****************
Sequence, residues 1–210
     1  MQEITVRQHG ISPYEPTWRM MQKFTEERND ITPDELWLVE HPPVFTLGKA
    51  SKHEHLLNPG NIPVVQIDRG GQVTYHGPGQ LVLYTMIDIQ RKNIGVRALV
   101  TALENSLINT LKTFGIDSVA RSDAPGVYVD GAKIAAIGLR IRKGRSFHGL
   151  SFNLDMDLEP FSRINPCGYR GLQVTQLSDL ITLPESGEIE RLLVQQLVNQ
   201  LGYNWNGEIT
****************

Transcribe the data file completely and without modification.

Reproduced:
Sequence, residues 1–210
     1  MQEITVRQHG ISPYEPTWRM MQKFTEERND ITPDELWLVE HPPVFTLGKA
    51  SKHEHLLNPG NIPVVQIDRG GQVTYHGPGQ LVLYTMIDIQ RKNIGVRALV
   101  TALENSLINT LKTFGIDSVA RSDAPGVYVD GAKIAAIGLR IRKGRSFHGL
   151  SFNLDMDLEP FSRINPCGYR GLQVTQLSDL ITLPESGEIE RLLVQQLVNQ
   201  LGYNWNGEIT